I'm not dismissing Deggans entirely. He does have a point. Television shows and movies often portray interracial couples using extremes. Either race is the focal point of a mixed couple's existence or not a factor at all. The reality is somewhere in-between, and it would be nice if popular culture illustrated this from time to time. Why not show a white dad struggling to comb his biracial black daughter's hair or a Latino-Asian couple arguing over the best way to prepare a meal? Race isn't always a scary subject.


March 7, 2011 at 3:25 pm
(1) Michelle says:

Hmmm this raises the questions that I had about the popular British comedy, Love Actually. While I can say that interracial relationships in reality are not uncommon in the UK I still thought it was very interesting to see relationships between blacks and whites to be so accepting without so much as a word with regard to race. I was also told that this film was the third in a series and that the first two films did not feature much racial diversity in London of all places.
Having said that one of the white female characters who married a black man was often seen wondering about the relationship she could have had with his best friend who happened to be white.
There used to be a time when you only saw that one black couple at the party or whatever and now it’s cool to have the mixed couple but it’s usually white/Asian, white/Hispanic or white/mixed race.

We want to say that everything is cool with relationships between black and white on screen but those relationships tend to be with people who are not main characters. Sometimes what is seen on tv is not as realistic as they may try to convince us. We still have a long way to go.

March 7, 2011 at 3:49 pm
(2) Luna says:

As both a mixed race kid and someone in an interracial relationship, I agree that when you see people in movies sitting around and talking about race that is not very realistic. That is not to say that it doesn’t matter, but my parents had much deeper issues, like the fact that there was a 22 year age difference and the were from different parts of the country.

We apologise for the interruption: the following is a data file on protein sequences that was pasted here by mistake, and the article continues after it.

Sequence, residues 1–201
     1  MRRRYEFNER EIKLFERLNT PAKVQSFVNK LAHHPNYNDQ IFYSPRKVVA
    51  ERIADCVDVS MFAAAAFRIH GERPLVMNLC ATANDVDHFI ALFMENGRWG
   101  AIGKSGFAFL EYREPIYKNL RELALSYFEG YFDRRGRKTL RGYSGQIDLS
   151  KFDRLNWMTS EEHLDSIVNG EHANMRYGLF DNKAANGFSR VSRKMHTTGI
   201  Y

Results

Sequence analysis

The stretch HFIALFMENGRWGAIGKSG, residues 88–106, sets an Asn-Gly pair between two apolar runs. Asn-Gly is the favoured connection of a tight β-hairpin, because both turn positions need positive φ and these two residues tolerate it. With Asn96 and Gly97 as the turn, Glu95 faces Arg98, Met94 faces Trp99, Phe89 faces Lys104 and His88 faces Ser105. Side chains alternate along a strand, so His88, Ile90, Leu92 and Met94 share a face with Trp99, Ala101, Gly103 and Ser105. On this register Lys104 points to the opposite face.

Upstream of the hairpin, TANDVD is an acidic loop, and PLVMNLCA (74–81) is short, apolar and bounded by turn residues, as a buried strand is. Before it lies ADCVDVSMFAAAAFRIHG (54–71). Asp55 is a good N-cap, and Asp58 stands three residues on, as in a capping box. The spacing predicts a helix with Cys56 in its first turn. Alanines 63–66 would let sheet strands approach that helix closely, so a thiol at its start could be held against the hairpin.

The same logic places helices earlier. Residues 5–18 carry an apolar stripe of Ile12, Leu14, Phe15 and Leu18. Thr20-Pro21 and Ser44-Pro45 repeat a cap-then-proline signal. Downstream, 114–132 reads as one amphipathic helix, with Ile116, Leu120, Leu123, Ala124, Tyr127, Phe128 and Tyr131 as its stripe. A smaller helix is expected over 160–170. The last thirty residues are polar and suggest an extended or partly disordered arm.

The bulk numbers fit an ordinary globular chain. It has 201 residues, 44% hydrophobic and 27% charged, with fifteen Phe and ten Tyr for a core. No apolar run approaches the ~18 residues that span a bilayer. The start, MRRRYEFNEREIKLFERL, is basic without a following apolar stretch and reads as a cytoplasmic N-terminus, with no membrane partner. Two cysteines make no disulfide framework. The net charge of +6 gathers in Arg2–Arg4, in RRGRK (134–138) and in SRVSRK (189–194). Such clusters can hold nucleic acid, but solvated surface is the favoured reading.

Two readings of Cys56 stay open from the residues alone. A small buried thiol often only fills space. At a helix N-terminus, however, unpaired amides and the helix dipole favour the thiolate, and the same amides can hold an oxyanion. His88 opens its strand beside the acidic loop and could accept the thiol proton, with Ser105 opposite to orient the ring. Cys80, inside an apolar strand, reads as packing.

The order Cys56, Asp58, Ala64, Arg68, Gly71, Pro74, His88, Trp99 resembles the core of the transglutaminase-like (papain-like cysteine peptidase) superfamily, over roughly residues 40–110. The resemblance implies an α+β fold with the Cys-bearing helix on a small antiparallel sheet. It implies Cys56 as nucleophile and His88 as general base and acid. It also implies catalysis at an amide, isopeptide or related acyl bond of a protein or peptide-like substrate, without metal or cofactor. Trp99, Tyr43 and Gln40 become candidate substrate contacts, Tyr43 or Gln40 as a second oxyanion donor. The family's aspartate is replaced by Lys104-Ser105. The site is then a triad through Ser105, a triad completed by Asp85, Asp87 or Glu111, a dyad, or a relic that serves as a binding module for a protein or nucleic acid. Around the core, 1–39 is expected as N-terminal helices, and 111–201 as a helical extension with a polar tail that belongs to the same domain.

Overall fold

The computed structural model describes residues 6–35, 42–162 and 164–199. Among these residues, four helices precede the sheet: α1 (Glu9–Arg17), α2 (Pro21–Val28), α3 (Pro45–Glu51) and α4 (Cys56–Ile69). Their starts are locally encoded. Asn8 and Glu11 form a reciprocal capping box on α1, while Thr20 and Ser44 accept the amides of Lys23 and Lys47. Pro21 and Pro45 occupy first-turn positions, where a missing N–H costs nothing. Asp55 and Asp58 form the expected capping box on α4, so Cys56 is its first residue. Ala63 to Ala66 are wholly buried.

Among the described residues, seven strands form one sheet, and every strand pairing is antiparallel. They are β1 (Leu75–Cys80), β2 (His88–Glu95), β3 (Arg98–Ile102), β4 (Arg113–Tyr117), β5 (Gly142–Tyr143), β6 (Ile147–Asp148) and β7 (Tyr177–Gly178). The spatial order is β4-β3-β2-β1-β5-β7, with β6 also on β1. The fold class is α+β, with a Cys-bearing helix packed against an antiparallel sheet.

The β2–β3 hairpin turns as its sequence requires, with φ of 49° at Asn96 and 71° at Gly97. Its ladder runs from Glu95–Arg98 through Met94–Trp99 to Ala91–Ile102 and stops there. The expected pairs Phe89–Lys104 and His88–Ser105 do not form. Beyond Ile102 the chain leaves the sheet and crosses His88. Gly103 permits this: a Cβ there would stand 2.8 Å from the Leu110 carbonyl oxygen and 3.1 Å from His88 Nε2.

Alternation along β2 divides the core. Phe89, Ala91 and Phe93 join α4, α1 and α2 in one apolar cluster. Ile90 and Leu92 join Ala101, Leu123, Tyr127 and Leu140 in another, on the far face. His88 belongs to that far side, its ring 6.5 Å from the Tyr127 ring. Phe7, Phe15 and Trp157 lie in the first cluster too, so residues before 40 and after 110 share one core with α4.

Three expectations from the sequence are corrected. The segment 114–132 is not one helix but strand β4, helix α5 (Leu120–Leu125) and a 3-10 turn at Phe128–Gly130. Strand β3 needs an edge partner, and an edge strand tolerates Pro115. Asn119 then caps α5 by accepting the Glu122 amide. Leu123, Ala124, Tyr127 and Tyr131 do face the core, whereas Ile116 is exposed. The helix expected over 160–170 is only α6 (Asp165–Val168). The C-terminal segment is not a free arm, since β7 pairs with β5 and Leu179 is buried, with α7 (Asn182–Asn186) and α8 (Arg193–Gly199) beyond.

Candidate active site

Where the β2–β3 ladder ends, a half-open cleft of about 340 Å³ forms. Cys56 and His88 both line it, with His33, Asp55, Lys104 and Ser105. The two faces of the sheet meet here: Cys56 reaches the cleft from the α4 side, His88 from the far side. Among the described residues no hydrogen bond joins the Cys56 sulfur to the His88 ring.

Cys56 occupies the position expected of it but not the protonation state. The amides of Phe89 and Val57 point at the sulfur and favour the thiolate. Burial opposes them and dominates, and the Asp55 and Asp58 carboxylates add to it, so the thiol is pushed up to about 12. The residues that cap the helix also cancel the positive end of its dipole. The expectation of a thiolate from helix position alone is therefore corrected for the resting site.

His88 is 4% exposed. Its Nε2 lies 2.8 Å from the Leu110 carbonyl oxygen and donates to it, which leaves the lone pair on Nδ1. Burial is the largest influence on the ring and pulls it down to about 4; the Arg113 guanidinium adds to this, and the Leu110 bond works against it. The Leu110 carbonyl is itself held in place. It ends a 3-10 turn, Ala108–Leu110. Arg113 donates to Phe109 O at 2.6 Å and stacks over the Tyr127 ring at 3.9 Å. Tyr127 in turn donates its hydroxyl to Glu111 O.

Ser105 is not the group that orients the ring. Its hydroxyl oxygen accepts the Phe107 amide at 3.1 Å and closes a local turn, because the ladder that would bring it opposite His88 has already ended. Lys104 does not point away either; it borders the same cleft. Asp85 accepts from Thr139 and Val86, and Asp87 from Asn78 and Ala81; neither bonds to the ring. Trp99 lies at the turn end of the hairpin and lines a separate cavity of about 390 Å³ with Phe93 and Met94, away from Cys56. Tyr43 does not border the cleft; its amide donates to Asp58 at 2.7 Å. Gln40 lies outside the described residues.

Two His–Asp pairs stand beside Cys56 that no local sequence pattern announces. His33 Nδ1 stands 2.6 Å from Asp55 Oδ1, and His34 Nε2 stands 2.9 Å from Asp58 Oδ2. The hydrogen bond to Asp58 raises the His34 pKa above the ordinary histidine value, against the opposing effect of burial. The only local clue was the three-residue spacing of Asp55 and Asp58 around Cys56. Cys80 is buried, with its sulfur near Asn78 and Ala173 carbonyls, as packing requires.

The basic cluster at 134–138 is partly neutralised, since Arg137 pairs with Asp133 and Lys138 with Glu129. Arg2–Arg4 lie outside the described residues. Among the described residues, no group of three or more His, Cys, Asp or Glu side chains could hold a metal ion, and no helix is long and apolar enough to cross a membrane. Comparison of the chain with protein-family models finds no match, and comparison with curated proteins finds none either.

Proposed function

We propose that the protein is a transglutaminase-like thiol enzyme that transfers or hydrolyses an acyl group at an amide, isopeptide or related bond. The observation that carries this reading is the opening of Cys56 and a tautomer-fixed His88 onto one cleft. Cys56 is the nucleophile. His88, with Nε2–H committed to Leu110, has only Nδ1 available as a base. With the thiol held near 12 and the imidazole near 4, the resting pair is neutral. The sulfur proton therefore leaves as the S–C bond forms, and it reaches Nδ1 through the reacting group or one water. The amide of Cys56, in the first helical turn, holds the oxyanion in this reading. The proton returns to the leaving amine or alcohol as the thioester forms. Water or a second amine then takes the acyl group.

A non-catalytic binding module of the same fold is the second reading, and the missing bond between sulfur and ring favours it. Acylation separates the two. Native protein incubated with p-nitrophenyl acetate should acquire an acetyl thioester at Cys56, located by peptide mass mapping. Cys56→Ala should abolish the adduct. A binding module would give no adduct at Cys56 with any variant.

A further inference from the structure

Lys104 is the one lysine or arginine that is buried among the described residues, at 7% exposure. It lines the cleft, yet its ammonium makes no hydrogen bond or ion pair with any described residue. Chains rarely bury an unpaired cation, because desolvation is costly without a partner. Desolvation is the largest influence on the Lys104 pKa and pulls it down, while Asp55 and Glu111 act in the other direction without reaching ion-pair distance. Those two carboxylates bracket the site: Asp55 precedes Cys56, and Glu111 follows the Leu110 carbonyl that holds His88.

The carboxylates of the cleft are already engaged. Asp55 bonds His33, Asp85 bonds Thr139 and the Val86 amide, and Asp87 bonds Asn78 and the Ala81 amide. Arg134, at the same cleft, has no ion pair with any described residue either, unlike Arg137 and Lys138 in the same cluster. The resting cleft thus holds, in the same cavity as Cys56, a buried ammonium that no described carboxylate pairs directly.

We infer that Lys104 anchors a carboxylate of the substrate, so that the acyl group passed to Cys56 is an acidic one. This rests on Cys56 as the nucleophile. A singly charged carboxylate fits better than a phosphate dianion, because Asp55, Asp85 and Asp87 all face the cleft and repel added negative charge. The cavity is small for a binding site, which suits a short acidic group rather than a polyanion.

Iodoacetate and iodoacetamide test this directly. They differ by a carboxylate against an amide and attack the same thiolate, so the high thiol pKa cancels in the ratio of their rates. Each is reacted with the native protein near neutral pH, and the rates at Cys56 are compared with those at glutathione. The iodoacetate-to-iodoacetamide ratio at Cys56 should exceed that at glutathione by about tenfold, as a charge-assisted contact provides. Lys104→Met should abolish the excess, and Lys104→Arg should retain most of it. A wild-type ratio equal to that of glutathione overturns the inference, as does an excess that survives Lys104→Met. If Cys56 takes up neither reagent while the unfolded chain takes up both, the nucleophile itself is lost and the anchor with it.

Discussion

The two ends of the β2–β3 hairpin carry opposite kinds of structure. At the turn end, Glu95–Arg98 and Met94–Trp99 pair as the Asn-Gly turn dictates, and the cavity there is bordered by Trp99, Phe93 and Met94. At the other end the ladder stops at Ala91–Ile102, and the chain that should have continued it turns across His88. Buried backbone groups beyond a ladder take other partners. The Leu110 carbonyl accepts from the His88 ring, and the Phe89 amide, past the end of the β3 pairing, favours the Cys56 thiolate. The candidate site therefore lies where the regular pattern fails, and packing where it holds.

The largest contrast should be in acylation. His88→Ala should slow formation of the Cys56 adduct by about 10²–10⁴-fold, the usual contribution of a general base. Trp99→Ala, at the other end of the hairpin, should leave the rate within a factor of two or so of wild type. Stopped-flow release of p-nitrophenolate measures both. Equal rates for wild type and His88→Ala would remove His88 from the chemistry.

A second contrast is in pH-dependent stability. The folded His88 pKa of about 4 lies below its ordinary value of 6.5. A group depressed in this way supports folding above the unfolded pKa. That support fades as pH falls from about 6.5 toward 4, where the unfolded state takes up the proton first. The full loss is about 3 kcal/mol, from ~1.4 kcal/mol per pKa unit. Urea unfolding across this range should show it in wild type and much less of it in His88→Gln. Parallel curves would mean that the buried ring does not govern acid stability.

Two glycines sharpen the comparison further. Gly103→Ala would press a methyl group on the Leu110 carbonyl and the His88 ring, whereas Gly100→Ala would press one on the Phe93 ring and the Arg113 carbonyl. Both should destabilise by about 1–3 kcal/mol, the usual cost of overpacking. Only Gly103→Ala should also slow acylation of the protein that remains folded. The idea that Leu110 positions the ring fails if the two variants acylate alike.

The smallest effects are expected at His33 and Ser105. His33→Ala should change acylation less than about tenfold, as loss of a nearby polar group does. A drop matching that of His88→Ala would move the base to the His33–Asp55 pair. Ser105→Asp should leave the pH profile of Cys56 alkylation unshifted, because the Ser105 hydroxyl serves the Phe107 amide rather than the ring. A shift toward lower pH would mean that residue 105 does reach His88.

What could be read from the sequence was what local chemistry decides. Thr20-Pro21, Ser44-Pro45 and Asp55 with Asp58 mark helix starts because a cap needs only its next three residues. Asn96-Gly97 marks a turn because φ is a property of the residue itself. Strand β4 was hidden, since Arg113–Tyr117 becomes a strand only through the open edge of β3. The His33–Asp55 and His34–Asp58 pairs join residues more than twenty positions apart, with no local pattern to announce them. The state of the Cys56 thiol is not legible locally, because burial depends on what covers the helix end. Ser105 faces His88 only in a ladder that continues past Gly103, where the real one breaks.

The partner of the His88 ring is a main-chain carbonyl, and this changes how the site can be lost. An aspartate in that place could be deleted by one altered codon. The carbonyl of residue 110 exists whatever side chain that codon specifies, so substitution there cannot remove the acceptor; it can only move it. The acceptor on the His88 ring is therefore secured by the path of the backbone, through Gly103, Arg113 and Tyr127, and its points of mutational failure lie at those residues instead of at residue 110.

Race was always more of an issue for my dad’s family than my mom’s because they felt he should not have married a white woman. I would love to see more mixed race couples in movies and TV, and I would also like to see what you suggested; a white father struggling with a curly haired daughter or the like is a great example of how we can learn and grow!

March 7, 2011 at 4:17 pm
(3) Jennifer says:

I think Crosby and Jasmine’s charters on Parenthood are dead on. They did discuss race. It was also discused between Crosby and his parents also. I thought Parenthood showed how mainstream liberal america deals with interracial. Once that grandchild comes into the picture, things always change for the grandparents because they fall in love with the brown version of them. The issue of biracial-vs-black identity has not come up yet. Only time will tell. Parenthood has some great writers, that are very diverse. So I am sure race issues will pop up as series continues. The hair issue is not a factor with boys with short hair. The identity issue comes up at an older age than 6. I grew up in Hyde Park in Chicago which consisted of many mixed families with mixed kids of all ethnic groups. It is not until you move away and go to college do you clearly understand that mixed is not a racial identity. What ever minority mix one is, one should identify as the minority i.e. white+black=Black, white+asian=Asian and Black+Asian=Blasian.

March 7, 2011 at 6:16 pm
(4) MINOGOT says: